How To Cook Japanese Egg Plant
Now that you’ve got your eggplant cut up (fresh or defrosted) you’re ready to start cooking with them. One of the best things to do is make some Filipino-style eggplant or an Indian eggplant dish. However, you can eat grilled eggplant, add it to stir fry or use in an air fryer or deep fryer to make crispy eggplant chips.
Cooking Japanese Egg Plant
If you’re planning on cooking your Japanese eggplant in a skillet, oven, or grill then it’s best to brush the cubes or slices with some canola oil, sesame oil, or olive oil. Cook them until they have a nice char on them.
Roasting Egg Plant
You can also roast your eggplant to create a light side dish that is delicious and sweet. Add flavor and spices to the pan to create an amazing taste or combine with other vegetables to make a roast vegetable medley. Roasted Japanese eggplant is a popular dish and can taste delicious when cooked with the right flavors.
Japanese Eggplant Recipes
Some popular Japanese Eggplant recipes include:
- Nasu Dengaku
- Nasu Agebitashi
- Stir Fry eggplant
- Grilled eggplant
- Eggplant Chips
- Deep-Fried Eggplant
This is one of my favorite dishes to make with Japanese eggplant. It is sweet, savory, and very delicious. The eggplant is covered in a glaze made of mirin, sugar, and soy sauce.
This Japanese eggplant recipe is a great way to utilize your leftovers or not have to cook them the next day. Nasu Agebitashi is an eggplant cooked in a dashi marinade or miso glaze. it can be served with rice or vegetables and has so much flavor.
Stir Fry Eggplant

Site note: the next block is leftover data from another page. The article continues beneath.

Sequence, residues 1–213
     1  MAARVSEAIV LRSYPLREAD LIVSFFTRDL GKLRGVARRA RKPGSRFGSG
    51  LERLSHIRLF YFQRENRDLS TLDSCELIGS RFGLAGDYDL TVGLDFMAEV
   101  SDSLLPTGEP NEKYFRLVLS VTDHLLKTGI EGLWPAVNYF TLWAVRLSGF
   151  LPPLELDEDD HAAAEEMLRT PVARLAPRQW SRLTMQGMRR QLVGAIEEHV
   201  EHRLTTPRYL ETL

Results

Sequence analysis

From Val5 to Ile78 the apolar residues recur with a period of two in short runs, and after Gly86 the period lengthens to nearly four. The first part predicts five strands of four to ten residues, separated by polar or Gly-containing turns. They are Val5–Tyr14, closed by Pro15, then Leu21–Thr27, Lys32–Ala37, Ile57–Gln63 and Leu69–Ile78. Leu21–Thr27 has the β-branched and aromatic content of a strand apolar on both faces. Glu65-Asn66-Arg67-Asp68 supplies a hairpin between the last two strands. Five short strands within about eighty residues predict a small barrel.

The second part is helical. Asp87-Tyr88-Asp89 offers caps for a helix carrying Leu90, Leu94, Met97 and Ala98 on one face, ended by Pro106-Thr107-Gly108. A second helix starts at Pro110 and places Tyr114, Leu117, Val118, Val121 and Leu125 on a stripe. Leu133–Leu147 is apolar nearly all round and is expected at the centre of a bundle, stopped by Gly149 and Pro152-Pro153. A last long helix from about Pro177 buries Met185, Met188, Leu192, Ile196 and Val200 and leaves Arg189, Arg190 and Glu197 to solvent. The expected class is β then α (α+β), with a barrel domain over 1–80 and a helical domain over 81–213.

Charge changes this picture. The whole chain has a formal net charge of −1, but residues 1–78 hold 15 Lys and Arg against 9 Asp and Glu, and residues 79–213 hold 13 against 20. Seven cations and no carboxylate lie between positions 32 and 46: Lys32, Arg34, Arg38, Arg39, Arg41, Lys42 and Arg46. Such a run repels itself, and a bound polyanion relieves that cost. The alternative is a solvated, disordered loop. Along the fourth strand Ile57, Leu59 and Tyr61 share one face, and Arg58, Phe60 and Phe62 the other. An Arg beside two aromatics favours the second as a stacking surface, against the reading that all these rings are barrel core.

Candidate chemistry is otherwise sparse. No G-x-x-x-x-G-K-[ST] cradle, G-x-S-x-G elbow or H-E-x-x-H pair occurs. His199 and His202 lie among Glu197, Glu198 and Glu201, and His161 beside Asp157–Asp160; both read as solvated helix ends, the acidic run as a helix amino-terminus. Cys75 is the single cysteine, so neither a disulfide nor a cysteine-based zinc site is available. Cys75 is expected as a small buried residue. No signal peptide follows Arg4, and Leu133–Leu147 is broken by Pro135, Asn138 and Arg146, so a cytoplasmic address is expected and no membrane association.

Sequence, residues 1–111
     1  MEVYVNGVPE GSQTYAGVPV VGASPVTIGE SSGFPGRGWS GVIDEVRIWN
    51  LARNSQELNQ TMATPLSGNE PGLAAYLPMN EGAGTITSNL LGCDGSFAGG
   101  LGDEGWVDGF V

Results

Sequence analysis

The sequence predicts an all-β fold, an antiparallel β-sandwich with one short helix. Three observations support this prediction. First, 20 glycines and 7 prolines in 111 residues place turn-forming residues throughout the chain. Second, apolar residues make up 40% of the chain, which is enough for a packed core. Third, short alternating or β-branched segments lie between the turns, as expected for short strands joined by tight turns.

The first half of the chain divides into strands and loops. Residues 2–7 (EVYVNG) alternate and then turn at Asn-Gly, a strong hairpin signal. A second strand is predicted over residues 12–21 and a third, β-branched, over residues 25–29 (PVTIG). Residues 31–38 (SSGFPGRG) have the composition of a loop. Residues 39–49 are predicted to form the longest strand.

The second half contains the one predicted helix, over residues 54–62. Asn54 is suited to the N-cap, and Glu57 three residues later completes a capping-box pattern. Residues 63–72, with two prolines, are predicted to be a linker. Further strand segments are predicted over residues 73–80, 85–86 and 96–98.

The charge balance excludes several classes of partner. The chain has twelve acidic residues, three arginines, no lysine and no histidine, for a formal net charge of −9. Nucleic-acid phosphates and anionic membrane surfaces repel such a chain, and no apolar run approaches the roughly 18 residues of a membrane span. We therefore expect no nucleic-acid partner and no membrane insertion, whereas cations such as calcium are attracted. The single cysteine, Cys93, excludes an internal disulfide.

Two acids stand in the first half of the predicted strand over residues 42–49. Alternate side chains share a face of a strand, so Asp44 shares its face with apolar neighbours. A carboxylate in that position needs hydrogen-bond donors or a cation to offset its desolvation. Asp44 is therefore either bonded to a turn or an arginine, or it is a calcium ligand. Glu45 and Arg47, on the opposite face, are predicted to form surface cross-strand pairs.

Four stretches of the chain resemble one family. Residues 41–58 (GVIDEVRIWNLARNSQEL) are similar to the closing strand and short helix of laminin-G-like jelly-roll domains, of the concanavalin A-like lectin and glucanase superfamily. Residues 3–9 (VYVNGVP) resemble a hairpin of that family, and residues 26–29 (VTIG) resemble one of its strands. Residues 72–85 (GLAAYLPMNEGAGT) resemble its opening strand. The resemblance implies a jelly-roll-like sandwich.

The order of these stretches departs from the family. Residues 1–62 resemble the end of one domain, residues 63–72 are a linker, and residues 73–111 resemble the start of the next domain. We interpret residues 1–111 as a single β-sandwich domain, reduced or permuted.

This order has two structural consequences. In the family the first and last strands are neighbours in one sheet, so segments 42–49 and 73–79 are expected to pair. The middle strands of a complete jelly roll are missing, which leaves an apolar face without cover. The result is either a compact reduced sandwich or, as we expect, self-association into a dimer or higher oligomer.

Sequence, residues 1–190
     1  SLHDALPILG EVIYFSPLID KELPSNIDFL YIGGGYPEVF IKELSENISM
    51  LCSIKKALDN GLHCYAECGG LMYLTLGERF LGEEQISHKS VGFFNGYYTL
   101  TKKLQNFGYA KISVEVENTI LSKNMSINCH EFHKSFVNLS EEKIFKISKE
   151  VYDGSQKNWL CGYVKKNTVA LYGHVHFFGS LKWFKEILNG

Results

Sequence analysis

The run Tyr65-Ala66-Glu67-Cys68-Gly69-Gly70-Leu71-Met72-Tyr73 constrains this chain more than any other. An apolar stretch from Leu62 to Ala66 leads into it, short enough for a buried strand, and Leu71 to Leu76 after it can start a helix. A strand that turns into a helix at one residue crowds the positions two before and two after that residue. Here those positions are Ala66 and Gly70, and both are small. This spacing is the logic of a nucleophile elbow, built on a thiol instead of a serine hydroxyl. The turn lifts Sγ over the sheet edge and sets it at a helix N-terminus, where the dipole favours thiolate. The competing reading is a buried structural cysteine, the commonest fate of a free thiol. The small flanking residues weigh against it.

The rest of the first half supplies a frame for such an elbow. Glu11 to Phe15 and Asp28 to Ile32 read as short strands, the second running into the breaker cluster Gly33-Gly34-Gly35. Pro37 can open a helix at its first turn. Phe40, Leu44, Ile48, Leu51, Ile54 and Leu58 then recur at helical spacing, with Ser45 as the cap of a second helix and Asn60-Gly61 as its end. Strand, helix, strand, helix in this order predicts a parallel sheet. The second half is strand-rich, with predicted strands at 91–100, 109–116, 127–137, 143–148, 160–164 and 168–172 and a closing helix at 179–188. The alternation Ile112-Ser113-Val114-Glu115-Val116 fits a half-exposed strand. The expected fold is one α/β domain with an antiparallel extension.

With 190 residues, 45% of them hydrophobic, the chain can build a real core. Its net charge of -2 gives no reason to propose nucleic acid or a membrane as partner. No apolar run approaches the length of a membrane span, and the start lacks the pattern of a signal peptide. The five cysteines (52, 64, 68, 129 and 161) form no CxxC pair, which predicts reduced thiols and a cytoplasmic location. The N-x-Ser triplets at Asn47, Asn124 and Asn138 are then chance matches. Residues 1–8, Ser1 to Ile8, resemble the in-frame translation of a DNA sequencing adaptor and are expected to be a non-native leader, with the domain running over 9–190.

Stir fry is one of the most delicious ways to cook Japanese eggplant. It works well with other vegetables and can be paired up with other foods like tofu, sesame seeds, onions, broccoli, carrots, or anything else you like.
Grilled Eggplant is a great way to add some flavor and spice to your eggplant. It has been marinated in a sweet soy marinade and brings tons of flavor when it’s grilled.
Make Eggplant Chips with your Japanese eggplants by slicing them thin like fries, dusting them with corn starch, and baking them in the oven at 450 degrees for about 20 minutes or until crispy.Once they are cooked, salt them to taste or put on some balsamic vinegar, garlic, ginger, or sriracha sauce.
Deep Frying Eggplant
If you want to deep fry eggplant then you certainly can, be sure to use a paper towel to remove excess oil and enjoy the great flavor of fried eggplant with salt. You can also dip deep-fried eggplant into a creamy horseradish dressing or another of your favorite sauce dips.
More Japanese Eggplant Recipes You May Enjoy:
If you need some inspiration then why not try the following:
- Japanese Miso Eggplant Recipe
- Baked Japanese Eggplant
- Ichiban Japanese Eggplant
- Japanese Eggplant Casserole
- Japanese Eggplant Pizza
Japanese Eggplant is a versatile vegetable
It’s a vegetable that can be used in many ways and having a stash of eggplant cubes in the freezer is always handy. It can bulk up any meal, is great for vegetarian dishes and there is very little prep time needed. I’m sure you found this article useful. To learn more about different fruits and vegetables check out our section on foods and how to freeze them!